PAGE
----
One might reply, of course, that the assimilation of pictorial and verbal icons, of sacred art and sacred theology, while not entirely unjustified, is contradicted by biblical authority, which prohibits depictions of God (and of all living beings) but freely uses analogical language in its large body of language about the divine.  That is, I take it, the traditional argument of Protestant iconoclasts.  But this argument from authority is contradicted by an appeal to conciliar authority (Nicaea II) and by ecumenical practice and Catholic theological consensus.  It is, then, sufficient for Catholic and Orthodox Christians to recall the theology of the great iconodule Fathers and the ecumenical consensus that honors the sacred images.  This alteration in the commandment concerning images is similar to the alteration of the meaning of the commandment concerning sabbath observance:  the commandment remains and has an enduring meaning, but that meaning was altered by the authority of the New Testament and of the Church.

Anglicans historically have waffled about sacred art.  There were some iconoclastic tendencies in the early Tudor Reformation and, especially, in the Interregnum of the following century.  Certainly the churches built after the great London fire, for example, lack the profusion of sacred art in the typical medieval English church.  A desire not to oppose too definitely the iconoclastic tendencies of the Calvinists in particular led many Anglicans to dispute the authority of Nicaea II.  As in several important areas, this historical waffle is ruled out by the doctrinal clarity of The Affirmation of Saint Louis, with its acceptance of the Seventh Council and of consensus doctrines found in the central tradition of East and West, particularly in the first millennium. 

[i] For an extended presentation of the Orthodox position, see Theology of the Icon, by Leonid Ouspensky (Crestwood, NY:  SVS Press, 1978).  Ouspensky’s theological argument is not contradicted by his rather credulous attitude towards some historical and factual matters. 

[ii] An earlier and similar growth in religious maturity can be seen within the Old Testament itself in its use of metaphors for God’s relations with Israel.  Early stages of the Old Testament avoid marital and nuptial figures for the relationship between God and Israel:  such analogies were too dangerous to permit when monotheism was weak and when the mythologies and worship of the peoples around Israel were heavily sexual.  In later stages of the Old Testament marital imagery is used and sets the stage for its frequent presence in the gospels, the Pauline literature, and in Revelation.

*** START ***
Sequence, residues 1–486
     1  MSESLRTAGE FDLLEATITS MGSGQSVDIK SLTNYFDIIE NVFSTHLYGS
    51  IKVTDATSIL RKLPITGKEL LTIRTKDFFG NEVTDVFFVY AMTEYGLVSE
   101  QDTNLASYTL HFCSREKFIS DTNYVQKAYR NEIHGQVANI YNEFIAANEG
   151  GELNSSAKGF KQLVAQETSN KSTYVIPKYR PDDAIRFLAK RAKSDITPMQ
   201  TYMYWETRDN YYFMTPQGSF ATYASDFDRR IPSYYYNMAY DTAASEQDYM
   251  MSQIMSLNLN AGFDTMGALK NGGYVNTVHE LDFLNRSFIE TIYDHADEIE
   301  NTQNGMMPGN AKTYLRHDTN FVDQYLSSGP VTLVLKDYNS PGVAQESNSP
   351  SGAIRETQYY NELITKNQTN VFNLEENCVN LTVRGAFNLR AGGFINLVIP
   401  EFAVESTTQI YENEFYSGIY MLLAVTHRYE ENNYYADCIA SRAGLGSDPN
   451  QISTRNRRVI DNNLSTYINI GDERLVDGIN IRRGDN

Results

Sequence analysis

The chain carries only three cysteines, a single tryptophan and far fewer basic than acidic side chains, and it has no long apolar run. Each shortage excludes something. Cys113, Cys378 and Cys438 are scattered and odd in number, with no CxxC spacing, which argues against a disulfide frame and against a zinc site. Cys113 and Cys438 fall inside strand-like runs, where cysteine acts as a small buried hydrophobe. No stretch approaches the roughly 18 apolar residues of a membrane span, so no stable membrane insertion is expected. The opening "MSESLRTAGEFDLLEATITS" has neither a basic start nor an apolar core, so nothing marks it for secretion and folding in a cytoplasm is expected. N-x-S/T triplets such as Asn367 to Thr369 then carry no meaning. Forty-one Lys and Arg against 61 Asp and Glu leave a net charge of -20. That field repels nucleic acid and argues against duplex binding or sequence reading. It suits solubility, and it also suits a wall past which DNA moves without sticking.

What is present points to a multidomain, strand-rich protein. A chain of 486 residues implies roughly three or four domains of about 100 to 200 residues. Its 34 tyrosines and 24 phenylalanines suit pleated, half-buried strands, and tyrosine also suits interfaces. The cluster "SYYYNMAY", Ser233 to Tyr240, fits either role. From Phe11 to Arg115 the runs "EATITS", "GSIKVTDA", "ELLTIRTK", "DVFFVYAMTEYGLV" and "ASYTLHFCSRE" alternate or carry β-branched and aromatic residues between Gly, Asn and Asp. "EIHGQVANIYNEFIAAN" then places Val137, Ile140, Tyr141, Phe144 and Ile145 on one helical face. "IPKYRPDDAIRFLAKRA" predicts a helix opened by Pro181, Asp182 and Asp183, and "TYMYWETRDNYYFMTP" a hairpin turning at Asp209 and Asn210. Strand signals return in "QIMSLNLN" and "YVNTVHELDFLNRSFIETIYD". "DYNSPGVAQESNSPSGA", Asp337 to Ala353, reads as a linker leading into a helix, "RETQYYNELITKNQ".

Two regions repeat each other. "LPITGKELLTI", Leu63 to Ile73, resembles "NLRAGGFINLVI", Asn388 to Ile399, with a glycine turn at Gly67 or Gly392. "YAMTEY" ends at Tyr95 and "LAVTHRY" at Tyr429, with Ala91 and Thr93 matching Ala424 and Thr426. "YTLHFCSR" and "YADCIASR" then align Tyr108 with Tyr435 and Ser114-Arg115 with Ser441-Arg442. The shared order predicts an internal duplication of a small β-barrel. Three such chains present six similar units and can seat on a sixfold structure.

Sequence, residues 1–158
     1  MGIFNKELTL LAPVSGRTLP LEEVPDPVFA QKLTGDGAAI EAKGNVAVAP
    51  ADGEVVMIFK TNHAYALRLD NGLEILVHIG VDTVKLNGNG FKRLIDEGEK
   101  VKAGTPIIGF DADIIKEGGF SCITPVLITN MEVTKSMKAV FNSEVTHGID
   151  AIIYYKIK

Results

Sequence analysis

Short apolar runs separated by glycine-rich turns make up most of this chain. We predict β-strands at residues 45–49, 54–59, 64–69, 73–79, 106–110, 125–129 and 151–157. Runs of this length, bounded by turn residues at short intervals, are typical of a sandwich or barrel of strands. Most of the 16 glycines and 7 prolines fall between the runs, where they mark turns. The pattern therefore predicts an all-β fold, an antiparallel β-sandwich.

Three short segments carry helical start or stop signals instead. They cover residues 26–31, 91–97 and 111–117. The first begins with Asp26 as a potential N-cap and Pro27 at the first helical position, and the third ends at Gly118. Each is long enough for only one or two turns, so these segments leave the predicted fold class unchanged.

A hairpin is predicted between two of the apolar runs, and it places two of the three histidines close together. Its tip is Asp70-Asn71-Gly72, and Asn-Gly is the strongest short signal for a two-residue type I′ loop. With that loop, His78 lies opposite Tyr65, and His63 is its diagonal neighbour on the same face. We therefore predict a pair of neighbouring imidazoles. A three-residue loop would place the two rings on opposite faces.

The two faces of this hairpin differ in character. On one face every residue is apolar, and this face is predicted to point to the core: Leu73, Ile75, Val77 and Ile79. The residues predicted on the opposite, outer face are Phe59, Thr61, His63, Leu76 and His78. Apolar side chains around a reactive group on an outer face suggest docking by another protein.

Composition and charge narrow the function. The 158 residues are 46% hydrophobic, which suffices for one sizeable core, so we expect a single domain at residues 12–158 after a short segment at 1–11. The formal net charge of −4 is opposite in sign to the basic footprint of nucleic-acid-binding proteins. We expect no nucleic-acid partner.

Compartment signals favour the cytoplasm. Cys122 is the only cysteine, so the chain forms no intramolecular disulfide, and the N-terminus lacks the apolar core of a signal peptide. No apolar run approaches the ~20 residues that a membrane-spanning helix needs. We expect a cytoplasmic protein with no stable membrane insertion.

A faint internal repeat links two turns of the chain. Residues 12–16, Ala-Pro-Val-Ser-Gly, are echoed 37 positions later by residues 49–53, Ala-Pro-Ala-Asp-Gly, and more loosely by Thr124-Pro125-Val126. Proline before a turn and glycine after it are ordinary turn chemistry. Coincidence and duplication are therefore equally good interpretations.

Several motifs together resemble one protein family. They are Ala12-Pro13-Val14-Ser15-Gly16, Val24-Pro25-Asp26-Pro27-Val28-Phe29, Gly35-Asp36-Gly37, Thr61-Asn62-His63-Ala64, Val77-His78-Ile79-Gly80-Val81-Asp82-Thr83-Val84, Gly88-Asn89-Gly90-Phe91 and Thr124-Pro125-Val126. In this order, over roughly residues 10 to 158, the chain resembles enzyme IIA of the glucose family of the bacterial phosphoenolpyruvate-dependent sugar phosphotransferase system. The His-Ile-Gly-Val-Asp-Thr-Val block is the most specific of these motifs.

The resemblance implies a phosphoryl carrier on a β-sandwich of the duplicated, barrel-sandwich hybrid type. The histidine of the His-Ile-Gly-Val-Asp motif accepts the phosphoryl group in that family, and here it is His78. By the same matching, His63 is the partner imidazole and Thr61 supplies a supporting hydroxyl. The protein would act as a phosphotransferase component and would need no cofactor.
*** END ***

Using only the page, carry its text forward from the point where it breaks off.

[iii] One might also suggest that sacred music can be more or less objectively suited to accompany Christian worship, but that suggestion would lead me beyond my own competence.


2 thoughts on “Allegory, Analogy, and Icon

  1. “Though the Father remains unimageable, as being without body, parts, or passions, the Incarnate Son can be depicted in a theologically accurate fashion.”
    Your Grace, this brings up a question I have regarding the Ancient of days in chapter 7 of Daniel. He describes him as one “whose garment was white as snow, and the hair of his head like the pure wool.” (v. 9) In the narrative, this seems to refer to God the Father – though I could be mistaken.
    Wouldn’t this description give license to the practice of depicting the Father as a white-bearded, white-robed man in iconography or religious art? Or is there better way to understand the passage?


    1. Interesting. The line of argument you suggest drawing from Daniel 7 is plausible. I would not say that a depiction of the Father is necessarily and entirely wrong – it is simply intrinsically more limited than a depiction of the Son, who is the principal ‘image’ of the Father in our world. The white bearded, patriarchal pictorial depiction of the Father has some truth, as does the term ‘Father’. But a more precise theological understanding of the Father (‘without body, parts, or passions’) shows the limited degree of that truth.